After you locate files to which you do not have access, open the file or folder's properties in Windows Explorer, click the Security tab, and then add or change permissions so that the folder is in included in the dir /a /s command output. By default, you do not have access to the System Volume Information folder.

NOTE: You may find that some of the folder or file properties do not contain a Security tab, or you may find that you cannot re-assign permissions to the affected folders and files. You may receive the following error message while you try to access these files:

D:\folder_name\ is not accessible

Access is denied
If you find these types of folders, contact Microsoft Product Support Services for additional assistance. To contact Microsoft Product Support Services, visit the following Microsoft Web site:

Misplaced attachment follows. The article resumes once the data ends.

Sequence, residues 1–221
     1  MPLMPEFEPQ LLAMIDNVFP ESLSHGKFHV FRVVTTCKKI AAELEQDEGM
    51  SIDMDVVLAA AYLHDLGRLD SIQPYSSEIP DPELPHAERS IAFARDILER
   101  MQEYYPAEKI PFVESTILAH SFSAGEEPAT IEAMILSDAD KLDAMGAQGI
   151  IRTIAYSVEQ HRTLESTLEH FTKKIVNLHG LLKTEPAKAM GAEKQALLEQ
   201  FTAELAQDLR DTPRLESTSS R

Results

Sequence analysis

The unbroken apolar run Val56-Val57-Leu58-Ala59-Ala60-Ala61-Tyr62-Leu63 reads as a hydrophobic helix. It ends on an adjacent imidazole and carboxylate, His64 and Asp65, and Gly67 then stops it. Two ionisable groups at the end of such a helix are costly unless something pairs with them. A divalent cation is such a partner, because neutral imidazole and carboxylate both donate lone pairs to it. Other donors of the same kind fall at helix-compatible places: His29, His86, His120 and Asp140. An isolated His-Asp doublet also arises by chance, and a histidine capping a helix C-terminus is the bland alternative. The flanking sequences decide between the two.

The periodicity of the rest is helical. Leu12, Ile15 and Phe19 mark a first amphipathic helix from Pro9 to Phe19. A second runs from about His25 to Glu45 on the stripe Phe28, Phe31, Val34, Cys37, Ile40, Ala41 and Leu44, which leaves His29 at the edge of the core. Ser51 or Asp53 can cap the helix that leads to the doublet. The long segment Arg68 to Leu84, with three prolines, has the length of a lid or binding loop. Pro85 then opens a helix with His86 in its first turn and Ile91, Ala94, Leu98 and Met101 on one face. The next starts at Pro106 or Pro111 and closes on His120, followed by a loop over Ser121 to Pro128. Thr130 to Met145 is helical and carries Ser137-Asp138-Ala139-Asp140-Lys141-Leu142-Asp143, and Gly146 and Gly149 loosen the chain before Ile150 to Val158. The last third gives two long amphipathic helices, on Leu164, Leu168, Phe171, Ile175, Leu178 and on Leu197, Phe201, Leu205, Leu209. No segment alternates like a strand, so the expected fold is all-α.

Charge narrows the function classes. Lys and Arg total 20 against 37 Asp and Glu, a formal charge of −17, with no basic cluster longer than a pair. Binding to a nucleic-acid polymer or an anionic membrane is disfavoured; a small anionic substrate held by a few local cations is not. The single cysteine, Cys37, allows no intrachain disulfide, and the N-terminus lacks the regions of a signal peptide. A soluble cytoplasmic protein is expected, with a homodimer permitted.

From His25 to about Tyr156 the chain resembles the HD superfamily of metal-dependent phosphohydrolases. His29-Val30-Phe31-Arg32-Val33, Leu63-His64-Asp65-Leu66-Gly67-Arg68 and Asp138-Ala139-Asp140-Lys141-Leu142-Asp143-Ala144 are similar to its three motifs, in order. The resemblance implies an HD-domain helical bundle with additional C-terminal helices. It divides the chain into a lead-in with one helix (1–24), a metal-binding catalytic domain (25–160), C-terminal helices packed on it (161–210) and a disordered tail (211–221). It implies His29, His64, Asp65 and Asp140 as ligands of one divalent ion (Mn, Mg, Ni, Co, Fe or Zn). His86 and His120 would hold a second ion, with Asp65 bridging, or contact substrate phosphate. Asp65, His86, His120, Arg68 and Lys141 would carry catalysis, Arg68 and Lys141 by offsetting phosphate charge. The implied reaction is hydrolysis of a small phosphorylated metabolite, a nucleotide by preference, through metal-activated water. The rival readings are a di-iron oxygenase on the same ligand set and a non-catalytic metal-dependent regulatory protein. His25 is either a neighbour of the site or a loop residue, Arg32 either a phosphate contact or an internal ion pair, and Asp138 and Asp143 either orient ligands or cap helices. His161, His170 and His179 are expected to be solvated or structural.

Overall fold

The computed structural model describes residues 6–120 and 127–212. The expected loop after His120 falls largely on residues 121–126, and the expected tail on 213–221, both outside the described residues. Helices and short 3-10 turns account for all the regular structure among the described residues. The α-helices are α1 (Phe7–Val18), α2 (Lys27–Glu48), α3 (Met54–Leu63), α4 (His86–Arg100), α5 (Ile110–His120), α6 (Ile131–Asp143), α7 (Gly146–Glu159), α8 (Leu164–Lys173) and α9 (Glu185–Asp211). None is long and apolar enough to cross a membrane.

Invalid File Names

Folders or files that contain invalid or reserved file names may also be excluded from file and folder statistics. Folders or files that contain leading or trailing spaces are acceptable in NTFS; however, these files are not acceptable in the Win32 subsystem. Therefore, neither Windows Explorer nor a command prompt can reliably handle files that have leading or trailing spaces.

For more information, click the following article number to view the article in the Microsoft Knowledge Base:

120716 How to remove files with reserved names in Windows

Typically, it is not possible to rename or delete files or folders that have leading or trailing spaces. If you try to rename or delete these folders of files, you may receive one of the following error messages: